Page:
Lee Sung-Eun of the Korea JoongAng Daily reported last month that over 1,000 people, mostly school children, got sick across the nation after eating a chocolate cake distributed by a Pulmuone affiliate.
The Ministry of Food and Drug Safety said Salmonella, a common type of food-poisoning bacteria, was detected in the cake.
A total of 1,156 people who ate the dessert in 29 cafeterias across the nation, mostly in schools, reported symptoms of food poisoning.
Pulmuone said it recalled the chocolate cake and halted all distribution and sales of the product.
The product, Chocolate Blossom Cake, was made by the W1FNB food company in Goyang, Gyeonggi, and distributed by Pulmuone Foodmerce, which has its headquarters in Yongin, Gyeonggi.
McDonald’s is a big, semi-popular fast-food chain in the way Semi-Tough (the movie) depicted American professional football as big and semi-popular.
When Shiga-toxin producing E.coli were discovered in 1977 (named verotoxigenic E. coli) and then the first outbreaks were linked to human illness in 1982 at McDonald’s in White City, Ore., and Traverse City, Mich., McDonald’s completely revamped its beef sourcing and cooking procedures.
Over the past three decades, I’ve heard everyone blame McDonald’s for everything, especially on food safety, and especially what used to be known as hamburger disease.
South Korean lawyers are apparently catching up to where North Americans were 25 years ago, but perpetuate semi-stereotypes.
According to The Korea Herald, a mother on Wednesday filed a complaint against McDonalds Korea, claiming her daughter was diagnosed with the “hamburger disease” after eating a burger with an undercooked patty in one of its outlets.
“The 4-year-old victim had no health problems, but caught hemolytic uremic syndrome after eating a McDonald’s hamburger,” lawyer Hwang Da-yeon said at a press conference held in front of the Seoul District Prosecutors Office, before submitting the complaint.
HUS is serious shit.
McDonald’s has known about it for a long time.
The complaint claims McDonald’s violated local food safety rules by serving contaminated meat that was not fully cooked.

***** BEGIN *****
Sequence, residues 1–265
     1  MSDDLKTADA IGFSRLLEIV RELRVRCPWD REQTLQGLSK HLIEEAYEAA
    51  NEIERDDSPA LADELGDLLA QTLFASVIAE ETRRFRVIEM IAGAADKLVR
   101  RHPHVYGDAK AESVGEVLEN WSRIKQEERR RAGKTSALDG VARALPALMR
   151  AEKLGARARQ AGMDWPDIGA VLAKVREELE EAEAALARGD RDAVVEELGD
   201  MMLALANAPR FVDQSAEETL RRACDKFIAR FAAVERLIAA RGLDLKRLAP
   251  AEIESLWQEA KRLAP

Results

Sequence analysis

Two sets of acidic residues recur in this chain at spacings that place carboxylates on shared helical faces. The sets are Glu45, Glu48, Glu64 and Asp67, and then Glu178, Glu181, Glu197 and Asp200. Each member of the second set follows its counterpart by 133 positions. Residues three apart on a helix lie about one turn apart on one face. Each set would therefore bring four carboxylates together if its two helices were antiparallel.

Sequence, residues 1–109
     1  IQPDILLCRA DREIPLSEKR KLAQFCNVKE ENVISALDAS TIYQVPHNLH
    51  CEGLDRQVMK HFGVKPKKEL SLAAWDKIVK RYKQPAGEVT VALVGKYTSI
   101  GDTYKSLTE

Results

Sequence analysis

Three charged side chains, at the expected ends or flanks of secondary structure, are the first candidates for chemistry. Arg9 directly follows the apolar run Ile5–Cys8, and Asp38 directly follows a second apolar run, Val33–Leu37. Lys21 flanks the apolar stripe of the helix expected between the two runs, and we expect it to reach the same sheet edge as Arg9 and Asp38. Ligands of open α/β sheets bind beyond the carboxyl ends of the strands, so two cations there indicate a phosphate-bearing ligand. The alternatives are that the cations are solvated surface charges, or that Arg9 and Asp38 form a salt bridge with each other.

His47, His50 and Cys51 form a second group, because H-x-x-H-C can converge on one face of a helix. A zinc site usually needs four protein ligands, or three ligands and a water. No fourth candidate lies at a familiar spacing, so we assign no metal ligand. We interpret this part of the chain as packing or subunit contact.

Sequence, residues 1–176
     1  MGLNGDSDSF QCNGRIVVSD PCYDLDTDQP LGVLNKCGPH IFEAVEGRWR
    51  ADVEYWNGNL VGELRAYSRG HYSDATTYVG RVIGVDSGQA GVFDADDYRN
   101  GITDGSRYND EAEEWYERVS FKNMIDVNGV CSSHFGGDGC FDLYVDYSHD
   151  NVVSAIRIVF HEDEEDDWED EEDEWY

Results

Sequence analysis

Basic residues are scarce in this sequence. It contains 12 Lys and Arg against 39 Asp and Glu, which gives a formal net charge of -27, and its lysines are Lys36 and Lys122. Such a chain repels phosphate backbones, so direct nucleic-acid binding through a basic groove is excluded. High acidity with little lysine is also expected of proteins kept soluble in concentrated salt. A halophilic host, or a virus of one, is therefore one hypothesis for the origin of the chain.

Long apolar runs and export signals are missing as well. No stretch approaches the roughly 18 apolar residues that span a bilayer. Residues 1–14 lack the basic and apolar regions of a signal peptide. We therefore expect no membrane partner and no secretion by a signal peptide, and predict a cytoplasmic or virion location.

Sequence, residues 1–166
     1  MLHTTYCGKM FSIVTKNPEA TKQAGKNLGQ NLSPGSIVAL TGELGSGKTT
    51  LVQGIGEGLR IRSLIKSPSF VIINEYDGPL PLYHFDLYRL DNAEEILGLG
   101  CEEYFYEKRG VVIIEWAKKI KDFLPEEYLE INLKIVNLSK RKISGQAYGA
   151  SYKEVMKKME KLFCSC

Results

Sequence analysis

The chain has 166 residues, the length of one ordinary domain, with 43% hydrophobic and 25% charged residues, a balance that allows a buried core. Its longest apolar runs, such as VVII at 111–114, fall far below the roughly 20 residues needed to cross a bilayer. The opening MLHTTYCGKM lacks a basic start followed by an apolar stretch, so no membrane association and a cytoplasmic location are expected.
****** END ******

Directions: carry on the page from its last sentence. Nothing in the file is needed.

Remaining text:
The plaintiff also made a tearful plea, asking state prosecutors to investigate and hold McDonald’s Korea responsible for her daughter, who has suffered irreversible damage to her kidneys and must undergo eight to 10 hours of peritoneal dialysis on a daily basis.
According to the mother, the child ate a hamburger at a McDonald’s outlet in Gyeonggi Province in September and fell ill about three hours afterwards.
HUS is always tragic, and I wouldn’t wish it on anyone.
She was brought to an intensive care unit three days later, where she was diagnosed with HUS, a food-borne disease that can cause acute kidney failure. The child was discharged from the hospital two months later, but had lost 90 percent of her kidney function.
The McDonald’s outlet denied any link between its product and the child’s illness, saying the meat is machined-cooked, eliminating human error.
I’m not sure who’s right, but Shiga-toxin producing E. coli – the kind that lead to HUS – take 2-4 days to develop – not 3 hours.
As Kate Murphy of The New York Times explained last week, when you’re fine one minute and barfing the next – what the U.S. Centers for Disease Control and Prevention calls an acute gastrointestinal event — happens to all of us at least once a year. The bouts, while extremely unpleasant, usually don’t occasion a trip to the doctor or require any medication.
But such events tend to make us spin our gears trying to pinpoint what made us so miserably sick. While it’s hard to know for sure, there are clues that might help you determine the source and reduce your risk in the future.
“People tend to blame the last thing they ate, but it’s probably the thing before the last thing they ate,” said Dr. Deborah Fisher, a gastroenterologist and associate professor at Duke University School of Medicine.
It takes the stomach around four to six hours to empty a full meal, and then the small intestine takes about six to eight hours to squeeze out all the nutrients and empty into the colon. The remains linger there for another one to three days, fermenting and being formed into what ultimately is flushed down the toilet. So-called bowel transit time varies significantly from person to person, but gastroenterologists said you can easily find out what’s normal for you by eating corn and watching for when the indigestible kernels appear in your stool.
Gross, perhaps, but with that baseline, the next time you get sick, you’ll be better able to estimate when you might have eaten the offending meal. For example, if you throw up something and don’t have diarrhea or roiling further down, it could be that what made you ill was something you ate within the last four to six hours. If you wake up in the middle of the night with cramps and diarrhea, it’s more likely something you consumed a good 18 to 48 hours earlier, depending on the results of your corn test.
We stopped at a McDonald’s on the way home from the Glass Mountains yesterday. Quality was semi-OK, but safety was there.